Amidst all the talk about US economic strength, and Fed tapering, there has been little focus on the slow hissing sound coming from measures of US inflation.
The best measure of inflation (in terms of balancing signal and noise) is the 6mAR, and on this measure, there has been no inflation over the past six months in headline CPI terms.
In part, this is due to headline price weakness (which has something to do with US economic strength, as that’s what boosted the USD and lowered prices). However, that’s not the full story — the various core CPI measures are around 1.75%: core CPI is 1.65% 6mAR, trimmed mean CPI is 1.6% 6mAR, and median CPI is ~2.05% 6mAR.
Friday night brought us an update of the Fed’s preferred inflation measure, the PCE deflator. This was +1.1% 6mAR in trimmed mean terms, with headline prices -0.1% 6mAR, and core (ex food and energy) prices +0.9% 6m AR.
According to some, this is due to a conspiracy of temporary factors, and is therefore poised to reverse. More importantly, the WSJ’s incomparable Fed watcher, Jon Hilsenrath, has told us that this is what the Fed thinks is happening.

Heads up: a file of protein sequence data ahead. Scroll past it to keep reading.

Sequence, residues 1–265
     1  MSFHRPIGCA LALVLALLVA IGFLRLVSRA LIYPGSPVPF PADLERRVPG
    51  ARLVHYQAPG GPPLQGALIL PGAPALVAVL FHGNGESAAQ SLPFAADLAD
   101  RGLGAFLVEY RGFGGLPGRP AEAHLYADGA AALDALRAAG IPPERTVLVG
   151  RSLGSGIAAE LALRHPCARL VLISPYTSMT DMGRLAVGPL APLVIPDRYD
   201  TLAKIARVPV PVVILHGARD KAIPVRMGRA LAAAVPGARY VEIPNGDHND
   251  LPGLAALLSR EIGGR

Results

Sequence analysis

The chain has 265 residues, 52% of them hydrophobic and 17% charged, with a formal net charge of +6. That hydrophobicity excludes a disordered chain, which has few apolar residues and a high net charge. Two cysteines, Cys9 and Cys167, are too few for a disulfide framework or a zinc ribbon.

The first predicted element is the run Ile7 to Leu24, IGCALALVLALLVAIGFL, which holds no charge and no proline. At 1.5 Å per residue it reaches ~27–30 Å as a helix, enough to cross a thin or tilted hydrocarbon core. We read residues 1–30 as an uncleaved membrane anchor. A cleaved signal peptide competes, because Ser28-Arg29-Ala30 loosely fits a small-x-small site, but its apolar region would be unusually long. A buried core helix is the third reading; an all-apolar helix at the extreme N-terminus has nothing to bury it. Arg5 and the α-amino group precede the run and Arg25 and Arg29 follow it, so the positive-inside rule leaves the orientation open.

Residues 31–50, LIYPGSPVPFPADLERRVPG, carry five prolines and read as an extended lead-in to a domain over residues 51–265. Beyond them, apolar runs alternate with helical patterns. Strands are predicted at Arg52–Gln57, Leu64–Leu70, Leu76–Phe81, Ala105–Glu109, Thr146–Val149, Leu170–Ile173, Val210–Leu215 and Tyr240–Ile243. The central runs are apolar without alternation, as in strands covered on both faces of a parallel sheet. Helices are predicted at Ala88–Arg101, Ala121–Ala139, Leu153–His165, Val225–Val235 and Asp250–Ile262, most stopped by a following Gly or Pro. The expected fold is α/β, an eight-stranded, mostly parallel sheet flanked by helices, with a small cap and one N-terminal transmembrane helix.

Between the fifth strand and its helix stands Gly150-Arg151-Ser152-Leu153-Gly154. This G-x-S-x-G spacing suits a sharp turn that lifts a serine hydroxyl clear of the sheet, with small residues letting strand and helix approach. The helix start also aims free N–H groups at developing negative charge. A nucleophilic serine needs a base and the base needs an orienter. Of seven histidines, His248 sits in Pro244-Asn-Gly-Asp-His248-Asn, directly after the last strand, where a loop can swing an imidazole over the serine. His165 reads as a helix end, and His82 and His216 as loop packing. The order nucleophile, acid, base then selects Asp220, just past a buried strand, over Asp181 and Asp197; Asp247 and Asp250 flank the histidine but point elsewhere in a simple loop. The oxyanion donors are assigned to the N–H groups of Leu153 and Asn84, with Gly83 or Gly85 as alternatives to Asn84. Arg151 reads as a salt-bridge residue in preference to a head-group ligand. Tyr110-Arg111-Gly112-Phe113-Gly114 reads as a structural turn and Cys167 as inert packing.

Even though inflation measures have fallen sharply in recent months, Federal Reserve officials aren’t ringing alarm bells about it as they have done in the past.
Fed officials have said they take comfort that the public’s expectation of future inflation, as registered in surveys of households and bond markets, has remained stable. That implies actual inflation will stop falling.
I am not sure what the Fed is looking at which gives them comfort. While the higher frequency data (3mAR) suggests the headline deflation problem is (maybe) passing, it is getting worse at the core level.
The 3m AR measures of inflation are: CPI 0.7%, core-CPI 1.3%, median CPI 1.9%, trimmed mean CPI 1.4% and trimmed mean PCE 0.9%.
Consequently, the annual measures of inflation show a clear downtrend, which seems very likely to steepen: CPI 1.2%, core-CPI 1.7%, median CPI 2.1%, trimmed mean CPI 1.6% and trimmed mean PCE 1.3%.
I realise that lower unemployment suggests rising inflation, but given that most of the unemployment rate’s decline is due to a decline in participation there’s scope to wait and see, especially when the risk of high inflation seems so very low.